18th December, 2016
German teachers were on Sunday at one of Istanbul’s most elite public high schools, told for the first time, they could not mention the topic of Christmas inside their classrooms.
There are 35 teachers in the German department at the Istanbul Lisesi, which is attended exclusively by Turkish students, but is also recognised as a German International School.
“According to a decision by the school’s Turkish Management, (material on) Christmas traditions and the Christian holiday will not be conveyed, worked on or sung about, effective immediately,’’ the high school’s leadership wrote to the department’s faculty in an email seen by dpa.
The school’s choir was also prevented from performing last week at the German consulate in Istanbul.
The salaries of the German teachers are paid for by German taxpayers, under a cultural treaty between the two countries. However, the school is under Turkish management.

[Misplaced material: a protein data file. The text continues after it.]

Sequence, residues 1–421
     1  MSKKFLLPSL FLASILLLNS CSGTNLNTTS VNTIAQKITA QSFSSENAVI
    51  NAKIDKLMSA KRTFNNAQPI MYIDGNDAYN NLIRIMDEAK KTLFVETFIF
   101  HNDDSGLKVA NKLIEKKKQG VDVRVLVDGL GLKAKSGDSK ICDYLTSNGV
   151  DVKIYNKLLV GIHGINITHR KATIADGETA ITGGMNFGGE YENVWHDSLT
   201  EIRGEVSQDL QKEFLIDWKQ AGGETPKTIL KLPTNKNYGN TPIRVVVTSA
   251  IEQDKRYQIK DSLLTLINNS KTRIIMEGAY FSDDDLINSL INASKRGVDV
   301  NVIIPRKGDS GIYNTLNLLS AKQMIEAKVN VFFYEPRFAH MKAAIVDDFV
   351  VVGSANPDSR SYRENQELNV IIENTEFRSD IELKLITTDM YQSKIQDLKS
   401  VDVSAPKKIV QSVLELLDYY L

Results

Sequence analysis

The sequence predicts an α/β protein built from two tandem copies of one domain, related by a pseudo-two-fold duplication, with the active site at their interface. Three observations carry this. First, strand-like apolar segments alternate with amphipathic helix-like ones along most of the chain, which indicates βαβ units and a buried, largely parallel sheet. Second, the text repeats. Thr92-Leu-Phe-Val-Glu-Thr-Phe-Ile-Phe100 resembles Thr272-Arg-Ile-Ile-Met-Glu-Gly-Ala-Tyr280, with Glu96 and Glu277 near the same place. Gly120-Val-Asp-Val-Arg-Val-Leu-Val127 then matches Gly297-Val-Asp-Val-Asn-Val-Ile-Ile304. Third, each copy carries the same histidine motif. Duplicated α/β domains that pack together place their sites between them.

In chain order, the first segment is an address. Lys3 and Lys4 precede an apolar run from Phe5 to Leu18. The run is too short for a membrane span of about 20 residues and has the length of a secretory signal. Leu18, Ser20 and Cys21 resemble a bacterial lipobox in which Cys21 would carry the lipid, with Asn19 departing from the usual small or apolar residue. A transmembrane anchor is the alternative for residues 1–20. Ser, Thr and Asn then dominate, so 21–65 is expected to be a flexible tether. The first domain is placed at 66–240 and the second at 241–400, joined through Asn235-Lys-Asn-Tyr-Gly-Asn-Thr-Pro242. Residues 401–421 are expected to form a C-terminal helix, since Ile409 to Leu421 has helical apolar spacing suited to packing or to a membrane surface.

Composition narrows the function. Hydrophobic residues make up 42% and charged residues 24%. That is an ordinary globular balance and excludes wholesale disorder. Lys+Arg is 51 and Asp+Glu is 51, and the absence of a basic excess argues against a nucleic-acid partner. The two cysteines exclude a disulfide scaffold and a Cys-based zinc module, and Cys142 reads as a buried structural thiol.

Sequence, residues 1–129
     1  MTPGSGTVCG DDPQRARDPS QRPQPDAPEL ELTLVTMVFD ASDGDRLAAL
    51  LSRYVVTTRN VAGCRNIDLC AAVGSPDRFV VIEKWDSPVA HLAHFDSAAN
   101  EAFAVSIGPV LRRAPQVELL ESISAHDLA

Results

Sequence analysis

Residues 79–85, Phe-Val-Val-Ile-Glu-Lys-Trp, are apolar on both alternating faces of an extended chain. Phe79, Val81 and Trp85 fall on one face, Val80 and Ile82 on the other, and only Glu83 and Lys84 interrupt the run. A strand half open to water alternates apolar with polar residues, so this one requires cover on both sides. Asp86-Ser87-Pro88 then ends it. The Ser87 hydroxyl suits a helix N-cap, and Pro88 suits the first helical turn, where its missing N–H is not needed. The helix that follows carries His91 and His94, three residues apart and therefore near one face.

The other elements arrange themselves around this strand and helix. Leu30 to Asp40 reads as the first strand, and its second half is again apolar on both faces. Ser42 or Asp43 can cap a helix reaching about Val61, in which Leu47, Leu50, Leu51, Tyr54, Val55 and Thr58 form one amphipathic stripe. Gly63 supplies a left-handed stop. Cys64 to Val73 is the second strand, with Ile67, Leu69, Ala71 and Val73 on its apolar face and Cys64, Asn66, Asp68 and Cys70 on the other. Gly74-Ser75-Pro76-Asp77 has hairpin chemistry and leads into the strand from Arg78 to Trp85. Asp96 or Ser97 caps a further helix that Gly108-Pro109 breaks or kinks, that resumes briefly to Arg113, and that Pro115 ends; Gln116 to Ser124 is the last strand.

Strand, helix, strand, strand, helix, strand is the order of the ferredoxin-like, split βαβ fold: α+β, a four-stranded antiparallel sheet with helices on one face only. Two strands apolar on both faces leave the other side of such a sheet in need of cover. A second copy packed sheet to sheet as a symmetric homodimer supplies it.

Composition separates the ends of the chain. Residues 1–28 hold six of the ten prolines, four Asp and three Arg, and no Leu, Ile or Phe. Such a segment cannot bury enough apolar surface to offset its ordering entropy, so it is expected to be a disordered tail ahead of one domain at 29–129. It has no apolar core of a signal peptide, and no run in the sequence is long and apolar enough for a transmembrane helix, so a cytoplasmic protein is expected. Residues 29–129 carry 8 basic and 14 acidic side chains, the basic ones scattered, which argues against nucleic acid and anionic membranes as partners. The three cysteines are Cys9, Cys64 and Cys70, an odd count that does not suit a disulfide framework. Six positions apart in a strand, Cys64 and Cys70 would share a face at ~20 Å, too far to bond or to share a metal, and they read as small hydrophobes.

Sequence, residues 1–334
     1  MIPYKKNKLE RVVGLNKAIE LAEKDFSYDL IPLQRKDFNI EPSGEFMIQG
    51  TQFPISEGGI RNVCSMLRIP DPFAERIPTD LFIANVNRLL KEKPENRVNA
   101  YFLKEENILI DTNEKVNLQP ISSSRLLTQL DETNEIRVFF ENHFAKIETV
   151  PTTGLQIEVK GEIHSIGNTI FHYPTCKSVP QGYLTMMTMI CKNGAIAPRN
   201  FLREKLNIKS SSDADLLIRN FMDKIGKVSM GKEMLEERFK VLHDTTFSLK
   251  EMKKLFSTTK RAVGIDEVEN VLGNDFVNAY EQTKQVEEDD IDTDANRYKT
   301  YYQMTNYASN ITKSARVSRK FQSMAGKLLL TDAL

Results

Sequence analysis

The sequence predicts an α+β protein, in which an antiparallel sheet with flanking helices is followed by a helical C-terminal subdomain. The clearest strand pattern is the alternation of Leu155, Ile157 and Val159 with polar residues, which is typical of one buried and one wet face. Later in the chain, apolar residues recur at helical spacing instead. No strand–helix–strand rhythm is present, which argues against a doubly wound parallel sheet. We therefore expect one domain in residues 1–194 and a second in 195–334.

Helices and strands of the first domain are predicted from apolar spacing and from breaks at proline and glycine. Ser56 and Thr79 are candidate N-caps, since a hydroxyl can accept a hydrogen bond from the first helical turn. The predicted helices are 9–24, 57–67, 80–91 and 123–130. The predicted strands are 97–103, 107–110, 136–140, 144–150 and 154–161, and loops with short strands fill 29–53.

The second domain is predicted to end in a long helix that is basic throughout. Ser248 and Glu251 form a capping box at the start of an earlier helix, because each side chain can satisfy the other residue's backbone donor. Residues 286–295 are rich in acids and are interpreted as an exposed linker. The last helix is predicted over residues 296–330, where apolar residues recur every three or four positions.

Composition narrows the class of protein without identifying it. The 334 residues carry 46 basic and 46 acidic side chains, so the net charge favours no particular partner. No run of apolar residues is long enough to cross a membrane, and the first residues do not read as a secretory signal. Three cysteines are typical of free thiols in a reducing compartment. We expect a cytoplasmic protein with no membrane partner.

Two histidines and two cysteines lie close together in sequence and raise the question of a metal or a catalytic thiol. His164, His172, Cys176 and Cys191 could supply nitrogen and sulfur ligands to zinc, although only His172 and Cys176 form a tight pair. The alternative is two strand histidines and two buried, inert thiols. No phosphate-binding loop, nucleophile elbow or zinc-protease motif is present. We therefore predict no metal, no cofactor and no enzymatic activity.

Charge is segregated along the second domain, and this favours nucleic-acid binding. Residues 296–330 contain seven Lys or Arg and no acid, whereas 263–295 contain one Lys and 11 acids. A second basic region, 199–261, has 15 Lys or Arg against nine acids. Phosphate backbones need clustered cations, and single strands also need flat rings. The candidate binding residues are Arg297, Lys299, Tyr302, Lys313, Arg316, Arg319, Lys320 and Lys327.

Critics of President Recep Tayyip Erdogan say he is eroding modern Turkey’s traditional secularism, including by imposing a more Islam-focused education system.
Germany’s Green Party slammed the Christmas ban at the Istanbul Lisesi.
“A ban on the subject of Christmas at schools is unacceptable, especially if they are co-financed by Germany,’’ the foreign policy spokesperson for the Greens, Omid Nouripour, told dpa.
“The federal government must make this clear to Ankara if the Turkish government is not responsive, then the funding for the school must end,’’ Nouripour said.
The Turkish Ministry of National Education and leaders of the high school’s German Department did not respond to requests for comment.